Reading A Wrinkle in Time at the cusp of prepubescence taught me countless life lessons. The book reaffirmed what I knew about the importance of family, love, and faith. But perhaps the best lesson of all was the importance of being yourself—regardless of who, what, or how you are. At 9 years of age, I learned that even socially awkward children (or adults) had the capacity to become the heroes of their own lives. Sure, we won’t all get the chance to save the world or experience interstellar travel, but we can make a difference in the lives of those around us by choosing to do what is good and brave instead of settling for what is easy and convenient.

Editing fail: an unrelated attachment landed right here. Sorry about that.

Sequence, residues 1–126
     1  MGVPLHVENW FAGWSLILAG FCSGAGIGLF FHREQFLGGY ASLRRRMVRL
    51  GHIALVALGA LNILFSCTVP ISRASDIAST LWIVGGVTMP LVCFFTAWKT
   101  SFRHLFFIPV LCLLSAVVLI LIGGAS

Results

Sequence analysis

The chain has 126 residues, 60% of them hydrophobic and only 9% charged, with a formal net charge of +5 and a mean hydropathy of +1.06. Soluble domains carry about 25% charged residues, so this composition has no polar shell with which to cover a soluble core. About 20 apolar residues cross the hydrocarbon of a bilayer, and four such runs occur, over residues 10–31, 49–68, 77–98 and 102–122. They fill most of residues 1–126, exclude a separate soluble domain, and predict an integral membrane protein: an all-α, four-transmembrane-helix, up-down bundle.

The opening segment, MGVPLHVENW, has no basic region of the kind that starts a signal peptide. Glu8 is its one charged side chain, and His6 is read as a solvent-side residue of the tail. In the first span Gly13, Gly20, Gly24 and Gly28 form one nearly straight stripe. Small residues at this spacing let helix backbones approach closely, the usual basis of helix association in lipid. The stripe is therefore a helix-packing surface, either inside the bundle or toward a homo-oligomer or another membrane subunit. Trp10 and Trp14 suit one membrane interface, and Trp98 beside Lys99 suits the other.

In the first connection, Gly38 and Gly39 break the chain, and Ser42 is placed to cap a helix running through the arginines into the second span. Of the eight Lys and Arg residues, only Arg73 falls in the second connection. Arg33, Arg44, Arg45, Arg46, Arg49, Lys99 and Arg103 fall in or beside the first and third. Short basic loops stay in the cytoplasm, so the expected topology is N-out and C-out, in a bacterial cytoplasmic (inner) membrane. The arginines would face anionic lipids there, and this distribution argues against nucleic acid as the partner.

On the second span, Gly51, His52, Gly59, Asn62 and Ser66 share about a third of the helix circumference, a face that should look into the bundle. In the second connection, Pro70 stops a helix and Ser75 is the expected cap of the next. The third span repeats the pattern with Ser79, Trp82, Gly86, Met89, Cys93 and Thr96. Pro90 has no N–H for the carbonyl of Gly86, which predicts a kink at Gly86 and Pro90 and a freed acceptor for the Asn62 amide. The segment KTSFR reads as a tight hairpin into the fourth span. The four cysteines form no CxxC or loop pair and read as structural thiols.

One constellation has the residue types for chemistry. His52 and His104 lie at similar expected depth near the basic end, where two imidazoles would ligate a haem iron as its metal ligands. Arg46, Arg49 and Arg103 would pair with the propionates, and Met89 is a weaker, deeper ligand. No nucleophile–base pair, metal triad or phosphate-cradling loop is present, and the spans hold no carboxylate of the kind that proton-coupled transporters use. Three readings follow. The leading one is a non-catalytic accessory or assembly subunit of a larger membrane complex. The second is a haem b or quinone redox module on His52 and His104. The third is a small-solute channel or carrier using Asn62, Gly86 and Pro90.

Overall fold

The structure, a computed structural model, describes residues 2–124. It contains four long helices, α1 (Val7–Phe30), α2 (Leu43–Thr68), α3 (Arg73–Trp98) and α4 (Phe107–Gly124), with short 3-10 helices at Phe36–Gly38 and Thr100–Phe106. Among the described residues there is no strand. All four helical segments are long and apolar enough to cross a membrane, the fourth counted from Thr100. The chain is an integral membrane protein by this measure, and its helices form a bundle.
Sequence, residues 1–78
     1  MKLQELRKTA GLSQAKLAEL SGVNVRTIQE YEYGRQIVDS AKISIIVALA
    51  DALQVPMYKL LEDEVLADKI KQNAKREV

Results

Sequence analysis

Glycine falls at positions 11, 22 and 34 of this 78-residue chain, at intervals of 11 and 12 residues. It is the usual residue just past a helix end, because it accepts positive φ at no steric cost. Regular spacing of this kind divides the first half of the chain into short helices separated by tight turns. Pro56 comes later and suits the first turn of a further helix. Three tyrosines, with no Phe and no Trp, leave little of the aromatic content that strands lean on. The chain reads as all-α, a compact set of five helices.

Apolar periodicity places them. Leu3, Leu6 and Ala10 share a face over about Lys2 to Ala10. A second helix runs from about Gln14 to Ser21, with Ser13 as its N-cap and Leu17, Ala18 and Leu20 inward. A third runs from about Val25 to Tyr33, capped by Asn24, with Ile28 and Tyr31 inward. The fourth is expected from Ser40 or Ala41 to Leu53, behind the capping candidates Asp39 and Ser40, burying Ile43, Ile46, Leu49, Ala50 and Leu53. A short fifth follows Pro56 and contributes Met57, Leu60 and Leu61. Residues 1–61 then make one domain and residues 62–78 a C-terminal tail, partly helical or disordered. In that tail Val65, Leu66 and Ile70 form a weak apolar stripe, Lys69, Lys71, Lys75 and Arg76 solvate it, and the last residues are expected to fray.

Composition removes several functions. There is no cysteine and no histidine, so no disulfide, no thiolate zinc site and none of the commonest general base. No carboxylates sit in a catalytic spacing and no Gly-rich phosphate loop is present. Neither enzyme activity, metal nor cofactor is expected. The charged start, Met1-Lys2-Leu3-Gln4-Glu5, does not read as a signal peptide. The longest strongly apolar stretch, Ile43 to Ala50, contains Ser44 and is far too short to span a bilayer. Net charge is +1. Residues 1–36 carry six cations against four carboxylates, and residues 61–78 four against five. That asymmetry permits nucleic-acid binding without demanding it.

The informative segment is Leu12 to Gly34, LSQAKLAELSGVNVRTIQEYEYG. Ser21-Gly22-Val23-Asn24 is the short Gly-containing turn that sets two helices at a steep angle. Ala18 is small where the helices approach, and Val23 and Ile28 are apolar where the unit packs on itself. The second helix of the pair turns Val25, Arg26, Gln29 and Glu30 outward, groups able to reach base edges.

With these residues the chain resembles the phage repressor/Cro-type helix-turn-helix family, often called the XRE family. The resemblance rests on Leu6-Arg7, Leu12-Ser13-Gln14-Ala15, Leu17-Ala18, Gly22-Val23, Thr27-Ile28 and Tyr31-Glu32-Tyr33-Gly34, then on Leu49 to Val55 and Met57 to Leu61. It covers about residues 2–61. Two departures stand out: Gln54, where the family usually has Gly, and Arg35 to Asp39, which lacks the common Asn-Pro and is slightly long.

Now, it’s been about two decades since I last revisited A Wrinkle in Time. I decided to reread this old favorite so I could give it a proper, and dare I say it, unbiased review. The way I saw it, twenty years was more than enough time to shake off sentimentality in favor of impartiality. I wanted to see if Wrinkle could still impart the same sense of magic it had offered me some 22 years ago—and obviously, I wasn’t disappointed.

Wrinkle is a book for people of all ages. It may be my favorite childhood book, but it also takes its place on my shelf of all-time literary greats.

 

Rating: 5/5

Women in Literature: Five Writers Who Have Helped Shape My Identity

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Today is International Women’s Day—a day to commemorate the social, political, cultural, and economic contributions of women throughout history. To celebrate this beautiful event, I’ve decided to share the five writers whose works have helped shape me into becoming the woman I am today.